As a performer, Sia has long been known for her dazzling visuals — from the fantastical wigs she wears to her sublime music videos — ideas she comes up with both in her waking hours watching television and in her dreams. One of those visions, Sia’s first movie, “Music,” was 15 years in the making. Looking to be released in 2021, her directorial debut will be brought to the American Film Market.
Speaking at Variety’s Power of Women event in October, the Grammy-nominated artist said the tale of Music, a teenager with special abilities — specifically nonvocal autism — started as a short story. “Over the years, I had this fantasy of making it,” said Sia, adding that she didn’t have the confidence to helm a movie.
While Sia had dabbled in directing — she was a co-director on her 2014 hit music video “Chandelier” alongside Daniel Askill — but her uncertainty nagged as she questioned, “Am I just a singer with good ideas, or am I a good director?”
Sia kept Askill near as they collaborated on more videos together. Then fellow screenwriter Dallas Clayton took up the cause of cheering her on and encouraging Sia to pursue “Music.” At the time, the singer had just gone through a divorce and was down on herself, but Askill told her, “You can do this.” Said Sia: “I thought, ‘How hard could this be, it’s like making a music video but every day for 40 days?’”
“Music” stars Kate Hudson and co-stars Leslie Odom Jr. alongside Sia protégé and breakout star Maddie Ziegler.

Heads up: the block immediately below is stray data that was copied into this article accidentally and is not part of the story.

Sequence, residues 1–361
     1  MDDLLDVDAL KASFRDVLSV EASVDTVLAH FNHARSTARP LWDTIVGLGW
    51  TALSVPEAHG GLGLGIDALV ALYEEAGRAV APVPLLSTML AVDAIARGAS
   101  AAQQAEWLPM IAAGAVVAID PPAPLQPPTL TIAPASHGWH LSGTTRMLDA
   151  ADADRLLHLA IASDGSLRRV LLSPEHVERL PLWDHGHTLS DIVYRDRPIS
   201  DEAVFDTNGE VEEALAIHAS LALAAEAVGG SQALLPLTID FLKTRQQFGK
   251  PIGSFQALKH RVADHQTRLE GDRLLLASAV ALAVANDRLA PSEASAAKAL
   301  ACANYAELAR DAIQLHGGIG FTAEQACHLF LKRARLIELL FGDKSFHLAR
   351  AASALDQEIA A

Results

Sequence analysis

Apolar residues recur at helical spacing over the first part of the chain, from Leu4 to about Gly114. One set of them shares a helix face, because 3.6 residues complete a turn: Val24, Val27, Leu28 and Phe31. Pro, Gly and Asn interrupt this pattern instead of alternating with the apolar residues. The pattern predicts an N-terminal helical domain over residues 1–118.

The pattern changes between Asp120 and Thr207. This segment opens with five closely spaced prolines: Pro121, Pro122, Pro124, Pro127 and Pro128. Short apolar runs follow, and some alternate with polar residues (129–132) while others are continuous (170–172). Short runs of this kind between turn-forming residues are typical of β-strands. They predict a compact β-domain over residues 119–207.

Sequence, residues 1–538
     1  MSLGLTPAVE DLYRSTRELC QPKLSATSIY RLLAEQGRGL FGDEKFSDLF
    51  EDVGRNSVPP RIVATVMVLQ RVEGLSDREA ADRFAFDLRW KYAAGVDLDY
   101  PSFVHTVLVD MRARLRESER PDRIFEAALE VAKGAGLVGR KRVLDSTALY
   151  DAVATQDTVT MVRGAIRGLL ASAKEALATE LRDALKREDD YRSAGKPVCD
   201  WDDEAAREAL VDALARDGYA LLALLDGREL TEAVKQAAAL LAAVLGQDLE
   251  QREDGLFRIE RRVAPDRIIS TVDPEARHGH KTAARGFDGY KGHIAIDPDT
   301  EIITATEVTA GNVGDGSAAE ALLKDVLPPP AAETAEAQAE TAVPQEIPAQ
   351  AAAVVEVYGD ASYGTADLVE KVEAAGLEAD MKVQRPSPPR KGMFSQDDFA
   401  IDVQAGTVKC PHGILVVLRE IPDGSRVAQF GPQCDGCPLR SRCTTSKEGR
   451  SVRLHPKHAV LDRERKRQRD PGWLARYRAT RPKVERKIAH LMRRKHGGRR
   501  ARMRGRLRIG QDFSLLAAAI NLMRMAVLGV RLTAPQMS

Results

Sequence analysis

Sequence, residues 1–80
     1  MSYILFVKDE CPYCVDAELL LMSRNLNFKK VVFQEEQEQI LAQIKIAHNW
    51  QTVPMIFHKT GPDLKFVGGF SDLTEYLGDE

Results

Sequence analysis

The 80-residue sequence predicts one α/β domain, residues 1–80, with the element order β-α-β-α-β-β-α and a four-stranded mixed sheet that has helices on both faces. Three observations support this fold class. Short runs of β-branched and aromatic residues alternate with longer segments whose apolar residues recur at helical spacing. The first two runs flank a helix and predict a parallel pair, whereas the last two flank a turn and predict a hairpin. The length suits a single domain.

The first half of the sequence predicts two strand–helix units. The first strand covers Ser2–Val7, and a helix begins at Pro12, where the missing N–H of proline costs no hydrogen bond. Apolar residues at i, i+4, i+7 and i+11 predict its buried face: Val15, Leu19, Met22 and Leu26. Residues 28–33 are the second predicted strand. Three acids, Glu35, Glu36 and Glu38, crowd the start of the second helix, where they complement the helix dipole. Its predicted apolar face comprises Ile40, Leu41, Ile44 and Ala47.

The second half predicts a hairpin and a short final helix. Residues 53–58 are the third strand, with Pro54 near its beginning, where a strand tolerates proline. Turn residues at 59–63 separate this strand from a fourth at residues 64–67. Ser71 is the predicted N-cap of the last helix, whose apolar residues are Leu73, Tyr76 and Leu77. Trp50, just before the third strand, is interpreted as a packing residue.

Hudson plays the free-spirited Zu, an addict estranged from her family who suddenly finds herself the sole guardian of her half-sister, played by Ziegler, a teenager on the autism spectrum. Ziegler’s special abilities challenge Zu and she learns to overcome life’s obstacles with help from Music’s neighbor, Ebo (Odom Jr.).
The singer took casting into her own hands by using social media for outreach. With Odom Jr., she tweeted the actor after seeing him on Broadway and asked him if he wanted to be in her movie.
For Hudson, Sia saw an Instagram post in which Hudson was singing and said she immediately thought: “‘Oh my God, she doesn’t sound like every white person who was trained on Broadway songs.’”
When it came to the film’s star, Ziegler, the two had previously worked together on the “Chandelier” video and the “Dance Moms” alum has accompanied Sia to events and other performances. “I want to work with her until the day I die,” Sia declared of the 18-year-old. “She’s the most professional person I’ve ever worked with.”
Indeed, Ziegler takes center stage in 10 musical interstitials, resplendent in Sia’s interpretation of what Music saw and felt.
The film cost $16 million to make and even in post-production while editing, Sia admitted she was sick with fear in wanting the end product to be perfect. The pressure was on. “I’m Sia!,” she said with no hint of irony. “I have to make something really good. I can’t do something mediocre and it was mediocre for a couple of years.”
“Exceptional” is the word Sia used to describe her goal in making “Music” — nothing else would do. Check off the box on her already-impressive resume because the journey was well worth the wait. “Music” is indeed an exceptional film, one filled with music and visual splendor with heart at its core.
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